A species of the grunt (Haemulon sciurus)used in preparing the GF II cell line which has now been passed in vitro well over one hundred times.
GF II cells 24 hours post infection. A focus of rounded infected cells is apparent against a background of normal looking cells.
After 48 hours the focus has spread until most of the cell sheet is infected. Many of the infected cells have rounded and fallen off the glass.
|Figure 5A and 5B..|
Plaquing of the grunt fin orphan agent in GF II cells. The bottle on the left (5A) was inoculated with a high virus concentration and stained 4 days post inoculation. The bottle on the right (5B) was inoculated with a lower virus concentration and stained 6 days post inoculation. Note the differences in plaque size and number dependent upon virus concentration and incubation time.
Biochemical and biophysical characterization necessitating large quantities of virus, have been impaired to an extent by the extreme lability of the virus, which is especially true in its more purified forms. However, these studies are being currently undertaken. Work done by Clem et al. (1965) indicates that the agent will pass through a 0.22µ porosity filter; at present more precise size determinations are being performed. As a presumptive test to determine the nature of the nucleic acid present in this agent, pyrimidine nucleotide analogs which act to inhibit or alter DNA replication by more than one mode of action, have been used in the cultivation of this virus. It appears that neither fluoro-, iodo- or bromodeoxyuridine inhibit virus replication in mycoplasma-free GF II cells when used in concentrations of up to 100 Y per ml . On the basis of this presumptive test it is suggested that the agent is an RNA virus which is independent of de novoDNA synthesis.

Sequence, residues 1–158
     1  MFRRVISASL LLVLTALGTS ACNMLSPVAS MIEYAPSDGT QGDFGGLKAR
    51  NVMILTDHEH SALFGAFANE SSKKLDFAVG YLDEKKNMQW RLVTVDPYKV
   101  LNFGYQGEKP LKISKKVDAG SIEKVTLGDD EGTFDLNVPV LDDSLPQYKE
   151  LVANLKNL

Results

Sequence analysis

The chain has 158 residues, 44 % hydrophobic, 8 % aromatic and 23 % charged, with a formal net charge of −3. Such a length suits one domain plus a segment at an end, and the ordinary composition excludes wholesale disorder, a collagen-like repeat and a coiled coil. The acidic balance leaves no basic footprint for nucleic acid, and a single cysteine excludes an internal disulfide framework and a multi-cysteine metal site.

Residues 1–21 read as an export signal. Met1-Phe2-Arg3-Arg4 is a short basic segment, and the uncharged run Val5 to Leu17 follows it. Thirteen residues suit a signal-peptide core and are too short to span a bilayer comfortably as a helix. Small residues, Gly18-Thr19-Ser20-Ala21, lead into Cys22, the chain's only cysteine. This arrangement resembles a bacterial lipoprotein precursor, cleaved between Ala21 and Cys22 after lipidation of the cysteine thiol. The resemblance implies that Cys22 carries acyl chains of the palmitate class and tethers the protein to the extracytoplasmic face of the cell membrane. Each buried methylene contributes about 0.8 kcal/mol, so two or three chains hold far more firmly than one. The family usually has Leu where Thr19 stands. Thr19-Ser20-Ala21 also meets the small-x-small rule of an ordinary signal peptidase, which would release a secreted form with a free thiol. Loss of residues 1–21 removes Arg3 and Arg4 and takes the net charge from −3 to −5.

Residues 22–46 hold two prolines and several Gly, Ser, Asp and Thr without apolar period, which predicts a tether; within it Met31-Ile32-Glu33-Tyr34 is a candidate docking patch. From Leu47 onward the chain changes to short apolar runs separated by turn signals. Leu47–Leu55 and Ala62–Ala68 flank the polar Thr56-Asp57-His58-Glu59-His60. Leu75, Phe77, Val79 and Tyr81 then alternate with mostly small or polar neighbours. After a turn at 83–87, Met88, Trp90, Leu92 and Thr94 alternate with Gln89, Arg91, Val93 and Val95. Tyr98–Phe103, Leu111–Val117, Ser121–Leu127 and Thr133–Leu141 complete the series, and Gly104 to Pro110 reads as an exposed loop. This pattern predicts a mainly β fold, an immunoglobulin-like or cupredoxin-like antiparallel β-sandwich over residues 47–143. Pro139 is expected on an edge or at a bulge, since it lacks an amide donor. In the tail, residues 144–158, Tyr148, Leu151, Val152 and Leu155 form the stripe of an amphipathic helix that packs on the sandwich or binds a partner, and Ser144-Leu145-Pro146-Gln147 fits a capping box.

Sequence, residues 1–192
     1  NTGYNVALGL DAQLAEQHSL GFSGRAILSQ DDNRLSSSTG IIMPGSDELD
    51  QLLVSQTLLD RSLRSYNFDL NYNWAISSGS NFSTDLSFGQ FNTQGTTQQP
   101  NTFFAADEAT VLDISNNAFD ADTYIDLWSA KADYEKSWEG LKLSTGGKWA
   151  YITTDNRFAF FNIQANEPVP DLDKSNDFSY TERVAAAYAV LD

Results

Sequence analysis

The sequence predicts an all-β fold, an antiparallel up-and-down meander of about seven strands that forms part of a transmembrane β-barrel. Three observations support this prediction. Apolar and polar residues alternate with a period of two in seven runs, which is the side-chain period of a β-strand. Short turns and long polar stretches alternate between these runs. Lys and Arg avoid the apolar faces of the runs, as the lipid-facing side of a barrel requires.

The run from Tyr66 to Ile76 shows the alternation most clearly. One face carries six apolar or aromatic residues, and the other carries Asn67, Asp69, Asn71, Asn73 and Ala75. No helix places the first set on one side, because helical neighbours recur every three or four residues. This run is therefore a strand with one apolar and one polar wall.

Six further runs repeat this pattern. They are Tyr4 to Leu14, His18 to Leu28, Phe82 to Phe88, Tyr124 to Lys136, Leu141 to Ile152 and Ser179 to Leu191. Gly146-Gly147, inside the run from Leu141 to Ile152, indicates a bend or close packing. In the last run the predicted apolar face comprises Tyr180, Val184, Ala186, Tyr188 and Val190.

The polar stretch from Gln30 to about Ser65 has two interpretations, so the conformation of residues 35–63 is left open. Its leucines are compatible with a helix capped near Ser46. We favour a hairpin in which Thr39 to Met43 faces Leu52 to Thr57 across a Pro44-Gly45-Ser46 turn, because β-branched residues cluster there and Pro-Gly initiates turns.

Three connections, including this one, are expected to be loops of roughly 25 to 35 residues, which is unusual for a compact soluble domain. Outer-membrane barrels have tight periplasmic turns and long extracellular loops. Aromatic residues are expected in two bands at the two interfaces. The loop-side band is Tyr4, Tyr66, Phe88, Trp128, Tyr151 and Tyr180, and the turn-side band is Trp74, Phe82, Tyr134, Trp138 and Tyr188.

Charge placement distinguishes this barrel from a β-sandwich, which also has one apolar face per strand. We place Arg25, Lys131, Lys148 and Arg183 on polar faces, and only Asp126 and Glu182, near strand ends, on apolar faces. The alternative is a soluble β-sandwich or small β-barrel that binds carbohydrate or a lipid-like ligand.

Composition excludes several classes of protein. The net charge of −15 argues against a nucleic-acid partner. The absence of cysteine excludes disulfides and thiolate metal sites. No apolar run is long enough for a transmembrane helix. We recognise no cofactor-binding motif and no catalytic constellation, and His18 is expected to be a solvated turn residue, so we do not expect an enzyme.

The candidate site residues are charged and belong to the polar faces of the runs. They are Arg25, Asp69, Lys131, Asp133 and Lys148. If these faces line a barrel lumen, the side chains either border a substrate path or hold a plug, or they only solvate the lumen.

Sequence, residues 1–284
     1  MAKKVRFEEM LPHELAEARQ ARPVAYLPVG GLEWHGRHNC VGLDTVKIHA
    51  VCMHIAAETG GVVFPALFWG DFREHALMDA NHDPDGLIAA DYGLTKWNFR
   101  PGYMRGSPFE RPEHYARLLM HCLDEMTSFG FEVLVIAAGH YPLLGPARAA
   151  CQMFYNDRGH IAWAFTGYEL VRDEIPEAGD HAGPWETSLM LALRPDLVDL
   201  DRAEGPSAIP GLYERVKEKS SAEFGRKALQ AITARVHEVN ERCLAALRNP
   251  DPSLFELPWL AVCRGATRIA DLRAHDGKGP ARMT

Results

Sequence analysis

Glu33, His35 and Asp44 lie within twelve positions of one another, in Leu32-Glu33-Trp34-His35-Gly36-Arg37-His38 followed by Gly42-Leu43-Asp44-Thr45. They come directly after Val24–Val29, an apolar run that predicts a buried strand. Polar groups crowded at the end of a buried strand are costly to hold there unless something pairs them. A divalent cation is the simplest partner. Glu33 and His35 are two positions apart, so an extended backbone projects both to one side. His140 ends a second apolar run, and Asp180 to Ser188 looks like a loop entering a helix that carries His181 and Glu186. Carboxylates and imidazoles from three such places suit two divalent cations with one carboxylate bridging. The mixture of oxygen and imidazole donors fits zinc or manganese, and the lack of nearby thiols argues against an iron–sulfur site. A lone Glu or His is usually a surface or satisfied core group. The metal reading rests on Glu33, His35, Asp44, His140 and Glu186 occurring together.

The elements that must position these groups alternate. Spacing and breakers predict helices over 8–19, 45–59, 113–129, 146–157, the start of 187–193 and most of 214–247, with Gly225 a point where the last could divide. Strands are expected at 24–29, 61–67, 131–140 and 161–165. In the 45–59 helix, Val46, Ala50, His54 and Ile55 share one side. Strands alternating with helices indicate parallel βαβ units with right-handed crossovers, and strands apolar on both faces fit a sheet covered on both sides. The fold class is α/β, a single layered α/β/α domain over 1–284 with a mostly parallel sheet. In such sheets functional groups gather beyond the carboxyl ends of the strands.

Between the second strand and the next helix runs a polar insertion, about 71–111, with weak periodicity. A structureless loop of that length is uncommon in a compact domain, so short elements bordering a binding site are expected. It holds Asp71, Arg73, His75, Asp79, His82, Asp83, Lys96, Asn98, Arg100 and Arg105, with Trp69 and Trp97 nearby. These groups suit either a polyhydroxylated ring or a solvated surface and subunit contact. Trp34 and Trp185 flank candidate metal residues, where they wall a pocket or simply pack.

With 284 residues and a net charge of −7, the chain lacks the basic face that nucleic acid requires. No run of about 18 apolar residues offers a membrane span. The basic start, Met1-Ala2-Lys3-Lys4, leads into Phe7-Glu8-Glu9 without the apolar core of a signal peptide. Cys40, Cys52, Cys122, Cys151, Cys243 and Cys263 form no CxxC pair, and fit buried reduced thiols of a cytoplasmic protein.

At present, additional work is being done at Florida Atlantic University to further characterize this agent. The origin of the virus is still an enigma. Sigel (1967) feels that there is evidence which suggests that this virus may have been reactivated after a prolonged latent period in tissue culture. This is apparently based upon the relative ease with which one can establish chronically infected carrier cell cultures. This may also involve an interferon-like substance. One can still but speculate on the origin of this agent. However, its sudden appearance in a "normal" culture, in addition to its apparent affinity for marine cells, leads to a feeling that this virus warrants further study and may provide man with added knowledge of virus-cell and virus-host interactions in a marine environment.